Morimoto remembered

By KIRAN MALIK-KHAN, Connect Contributor


Tom Morimoto presenting at TEDxFortMcMurray’s Pioneering event on February 21, 2015. SUPPLIED PHOTO

Tom Morimoto will always be an important part of Fort McMurray’s history. The WWII veteran, chemical engineer, author, and most recently TedXFortMcMurray speaker passed away peacefully in Kelowna, BC, on December 14, 2015 at 97.

Born on May 18, 1918, in Edmonton, Morimoto was not quite the age of three when his family moved to Fort McMurray in 1921. A radio operator, Morimoto joined the Royal Canadian Corps of Signals and Third Canadian Division in 1940, a year after World War II broke out. Despite his short height, he was 5’2” and slender build, weighing in at only 116 lbs., he made it in.

Due to his outstanding performance, he was made corporal, and was believed to be the only Japanese Canadian on the beaches of Normandy on D-Day, June 6, 1944.

It was during the war, he decided to go to university. According to his memoir Breaking Trail: From Canada’s Northern Frontier to the Oil Fields of Dubai (2007) when he shared this idea with a superior, he scoffed at him, and teased him about being 27, too old for university, as well as for being a Japanese.

“I had discovered during my time in the service that you can say almost anything to an officer as long as you follow it up with ‘sir.’ So I replied, ‘I don’t give a damn what you say, sir. I intend to go to university.”

Morimoto graduated from the University of Alberta with a BSc in chemical engineering, and with an MSc in 1952. He spent many years working in the oil industry, travelling as far as Dubai.

During his TEDxFortMcMurray talk on February 21, 2015, he spoke of working along many local historical figures in the “Gateway to the North.”

“Long before the railroads, or highway, the only way to travel to Fort McMurray, was through water. Therefore, goods had to be transported during summer, and in winter with a dog team, or on foot,” recalled Morimoto, as he spoke to an audience of over 250.

Recalling his early days as a radio operator, and working alongside famous local pilot, Wop May, Morimoto humorously shared, “I worked for many years without any pay. They finally paid me $30 a month. This is where I learned Morse Code. I spent five years, and four months in the army, mostly in England.”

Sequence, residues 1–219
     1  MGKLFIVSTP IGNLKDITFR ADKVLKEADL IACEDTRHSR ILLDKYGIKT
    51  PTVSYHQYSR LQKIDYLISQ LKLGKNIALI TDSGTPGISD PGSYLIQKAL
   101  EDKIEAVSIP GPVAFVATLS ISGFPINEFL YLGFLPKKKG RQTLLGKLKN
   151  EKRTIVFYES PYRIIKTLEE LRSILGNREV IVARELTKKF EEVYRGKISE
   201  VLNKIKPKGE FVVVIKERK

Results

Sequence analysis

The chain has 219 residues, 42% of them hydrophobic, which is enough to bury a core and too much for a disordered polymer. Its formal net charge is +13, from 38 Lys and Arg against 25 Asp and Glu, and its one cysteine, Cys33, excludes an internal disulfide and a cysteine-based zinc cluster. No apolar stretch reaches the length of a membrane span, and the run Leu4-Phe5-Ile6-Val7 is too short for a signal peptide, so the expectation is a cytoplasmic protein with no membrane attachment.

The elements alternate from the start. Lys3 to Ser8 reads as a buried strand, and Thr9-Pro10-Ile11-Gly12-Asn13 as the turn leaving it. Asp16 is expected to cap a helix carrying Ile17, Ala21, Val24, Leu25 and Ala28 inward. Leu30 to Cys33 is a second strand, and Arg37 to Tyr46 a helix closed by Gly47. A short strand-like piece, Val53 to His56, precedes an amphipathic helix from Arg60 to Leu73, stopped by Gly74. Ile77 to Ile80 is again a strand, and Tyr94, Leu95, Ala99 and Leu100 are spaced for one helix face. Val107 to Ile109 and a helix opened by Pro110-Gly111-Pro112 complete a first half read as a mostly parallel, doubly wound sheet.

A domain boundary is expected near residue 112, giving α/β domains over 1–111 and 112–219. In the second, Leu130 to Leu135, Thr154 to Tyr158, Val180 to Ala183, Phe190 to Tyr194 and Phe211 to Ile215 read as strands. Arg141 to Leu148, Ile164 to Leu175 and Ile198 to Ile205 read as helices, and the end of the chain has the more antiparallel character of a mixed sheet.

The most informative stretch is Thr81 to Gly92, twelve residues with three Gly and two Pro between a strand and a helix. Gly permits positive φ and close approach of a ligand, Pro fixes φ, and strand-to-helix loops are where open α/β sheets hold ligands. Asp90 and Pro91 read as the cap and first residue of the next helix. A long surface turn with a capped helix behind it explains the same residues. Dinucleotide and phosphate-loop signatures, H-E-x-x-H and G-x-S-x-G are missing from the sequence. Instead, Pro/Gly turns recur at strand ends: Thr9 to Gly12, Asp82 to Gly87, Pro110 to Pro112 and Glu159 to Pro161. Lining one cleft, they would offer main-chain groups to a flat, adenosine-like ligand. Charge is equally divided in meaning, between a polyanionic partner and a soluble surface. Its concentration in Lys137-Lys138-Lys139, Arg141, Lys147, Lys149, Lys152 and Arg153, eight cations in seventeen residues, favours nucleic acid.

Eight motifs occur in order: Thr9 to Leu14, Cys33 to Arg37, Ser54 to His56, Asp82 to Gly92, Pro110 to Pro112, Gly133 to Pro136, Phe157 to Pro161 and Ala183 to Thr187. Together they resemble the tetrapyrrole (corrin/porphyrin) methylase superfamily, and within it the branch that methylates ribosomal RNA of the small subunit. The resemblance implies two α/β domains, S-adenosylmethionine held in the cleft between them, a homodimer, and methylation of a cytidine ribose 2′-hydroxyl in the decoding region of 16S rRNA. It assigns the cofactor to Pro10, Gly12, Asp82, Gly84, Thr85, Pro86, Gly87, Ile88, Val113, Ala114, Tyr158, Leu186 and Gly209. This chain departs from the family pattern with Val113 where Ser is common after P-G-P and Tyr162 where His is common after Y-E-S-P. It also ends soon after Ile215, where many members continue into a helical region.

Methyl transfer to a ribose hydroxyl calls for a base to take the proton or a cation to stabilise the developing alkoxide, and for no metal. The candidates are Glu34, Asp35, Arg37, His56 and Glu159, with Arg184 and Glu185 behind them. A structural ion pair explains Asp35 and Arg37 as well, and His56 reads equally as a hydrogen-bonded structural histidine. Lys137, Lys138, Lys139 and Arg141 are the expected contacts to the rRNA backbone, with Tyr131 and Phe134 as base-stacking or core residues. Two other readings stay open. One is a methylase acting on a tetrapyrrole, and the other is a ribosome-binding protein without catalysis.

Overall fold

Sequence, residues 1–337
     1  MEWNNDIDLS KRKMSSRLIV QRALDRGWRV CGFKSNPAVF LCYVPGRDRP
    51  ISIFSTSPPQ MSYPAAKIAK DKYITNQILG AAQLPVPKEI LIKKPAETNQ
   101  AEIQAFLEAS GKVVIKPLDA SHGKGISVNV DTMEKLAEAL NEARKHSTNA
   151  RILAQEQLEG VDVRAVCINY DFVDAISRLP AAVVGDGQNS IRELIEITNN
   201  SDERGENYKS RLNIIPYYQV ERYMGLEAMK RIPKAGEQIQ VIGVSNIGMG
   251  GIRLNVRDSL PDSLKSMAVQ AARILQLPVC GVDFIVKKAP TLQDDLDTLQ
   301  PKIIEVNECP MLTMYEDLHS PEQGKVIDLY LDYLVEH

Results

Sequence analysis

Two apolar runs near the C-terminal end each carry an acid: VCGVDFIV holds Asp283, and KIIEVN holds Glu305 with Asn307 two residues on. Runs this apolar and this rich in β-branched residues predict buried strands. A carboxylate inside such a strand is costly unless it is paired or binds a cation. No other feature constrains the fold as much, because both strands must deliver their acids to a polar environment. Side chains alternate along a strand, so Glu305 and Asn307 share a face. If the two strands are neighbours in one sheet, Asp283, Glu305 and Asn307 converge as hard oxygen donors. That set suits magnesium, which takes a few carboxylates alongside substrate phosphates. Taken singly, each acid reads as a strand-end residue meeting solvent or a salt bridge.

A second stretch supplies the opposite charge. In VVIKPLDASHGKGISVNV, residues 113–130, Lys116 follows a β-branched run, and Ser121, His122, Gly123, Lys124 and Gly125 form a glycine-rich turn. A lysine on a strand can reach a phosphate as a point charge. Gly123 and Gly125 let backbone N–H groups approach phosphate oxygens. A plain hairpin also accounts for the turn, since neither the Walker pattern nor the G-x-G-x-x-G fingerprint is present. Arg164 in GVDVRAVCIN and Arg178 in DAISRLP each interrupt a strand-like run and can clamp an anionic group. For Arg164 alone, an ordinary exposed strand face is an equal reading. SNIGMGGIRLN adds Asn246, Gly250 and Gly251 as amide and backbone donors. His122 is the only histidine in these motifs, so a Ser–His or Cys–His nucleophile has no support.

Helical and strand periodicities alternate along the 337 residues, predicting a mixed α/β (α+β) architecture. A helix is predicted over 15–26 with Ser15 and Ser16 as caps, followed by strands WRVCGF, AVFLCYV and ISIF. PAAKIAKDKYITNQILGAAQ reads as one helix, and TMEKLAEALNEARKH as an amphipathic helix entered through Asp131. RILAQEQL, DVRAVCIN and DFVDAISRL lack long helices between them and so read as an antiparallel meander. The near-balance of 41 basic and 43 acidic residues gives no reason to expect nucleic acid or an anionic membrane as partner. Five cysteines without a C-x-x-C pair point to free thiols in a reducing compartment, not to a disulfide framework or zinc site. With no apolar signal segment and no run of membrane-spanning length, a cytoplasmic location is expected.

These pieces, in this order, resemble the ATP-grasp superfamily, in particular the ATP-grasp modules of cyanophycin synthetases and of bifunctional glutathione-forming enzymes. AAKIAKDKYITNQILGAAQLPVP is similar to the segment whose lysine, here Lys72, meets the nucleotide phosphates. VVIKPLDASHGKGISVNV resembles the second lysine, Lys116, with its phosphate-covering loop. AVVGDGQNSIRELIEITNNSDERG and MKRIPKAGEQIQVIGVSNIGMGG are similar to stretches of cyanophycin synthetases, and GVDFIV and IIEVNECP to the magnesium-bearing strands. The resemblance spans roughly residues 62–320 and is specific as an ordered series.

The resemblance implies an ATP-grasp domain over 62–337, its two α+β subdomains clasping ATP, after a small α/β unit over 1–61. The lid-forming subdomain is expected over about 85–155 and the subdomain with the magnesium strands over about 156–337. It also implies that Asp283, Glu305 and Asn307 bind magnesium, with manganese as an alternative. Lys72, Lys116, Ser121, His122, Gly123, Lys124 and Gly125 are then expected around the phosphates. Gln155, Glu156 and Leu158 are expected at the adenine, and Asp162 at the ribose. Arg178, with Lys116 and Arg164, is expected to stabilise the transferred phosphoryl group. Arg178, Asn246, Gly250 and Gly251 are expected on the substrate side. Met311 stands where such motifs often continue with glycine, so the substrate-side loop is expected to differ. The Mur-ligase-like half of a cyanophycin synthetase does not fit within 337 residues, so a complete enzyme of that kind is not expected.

Councillor Phil Meagher knew of Morimoto when he moved to Fort McMurray 33 years ago.

“I knew of him by reading the history of Fort McMurray, I wanted to find out as much about this new home of mine as I could. Well, the Morimoto name was a big part of why this community survived the 30s. Right by the Snye, they grew potatoes, which saved the town. This is where Morimoto Drive is now, named to honour the family’s contributions.”

“Tom was a very interesting character, he learned boxing to take care of schoolyard bullies. When he was here about a year ago, he actually demonstrated some of his fancy footwork and lightning fast hands at the age of 96,” said Meagher.

“He loved Fort McMurray. I guess my favourite memory of Tom would have been the ‘Thank You’ note he sent me about four years ago. He was thanking me for not allowing the admin of the day at City Hall to remove Morimoto Drive. He sent me a copy of his book, as well. My hope is to live as long as he did, still golf three times per week at the age of 97.”

Well-known community leader, and visual artist Russell Thomas recalls speaking to Morimoto for the first time over the phone.

“I was absolutely struck by the fact he was a living conduit to some of the most important figures from our history. Hearing him talk about the kindness of Wop May was somewhat surreal. When I finally met him in person, I was blown away by the strength of his grip. That’s a handshake I will never forget. He certainly left a strong impression on me, more so after I read his book Breaking Trail. That is why I decided to paint a mural of him on my shed.”

The kindness Thomas is referring happens to be Wop May sending Morimoto’s ticket to Fort McMurray to attend his mother’s funeral in 1938 when Morimoto was unemployed, and had no money.

Matt Youens, TEDxFort McMurray chair, also interacted with Morimoto for the first time through a phone call.

“The TEDxFortMcMurray organizing committee had decided to push the event back several months, and instead of a fall event, it would now be a winter event – in February no less. As chair, I wanted to call or meet with all the presenters personally to assess the situation and I ended up having a charming conversation with Tom,” shared Youens.

“After the pleasantries he gave me a little ribbing about changing the date on him, and he then told me that he thought his “Fort McMurray in February days were behind me.” But like the class act I had heard about, Tom agreed and said he would be thrilled to present in February. In the end it was a pleasure meeting Tom, working with him, and then introducing him to the TEDxFortMcMurray stage. Some of the stories he told onstage and offstage were memorable, as well as funny. If memory serves it wasn’t even that cold for the event, perhaps Tom had brought some BC weather with him. He will be missed, though he has left quite the legacy behind,” added Youens.

Predeceased by his son Dana, Morimoto is survived by his wife H. Kim of 69 years, and many family members.
A celebration of his life was held on December 20, 2015 in Kelowna. On the same day, the Regional Municipality of Wood Buffalo Mayor and Council directed flags at all municipal buildings to be lowered to half-mast in recognition of Morimoto’s many contributions to the region.

– Connect Weekly –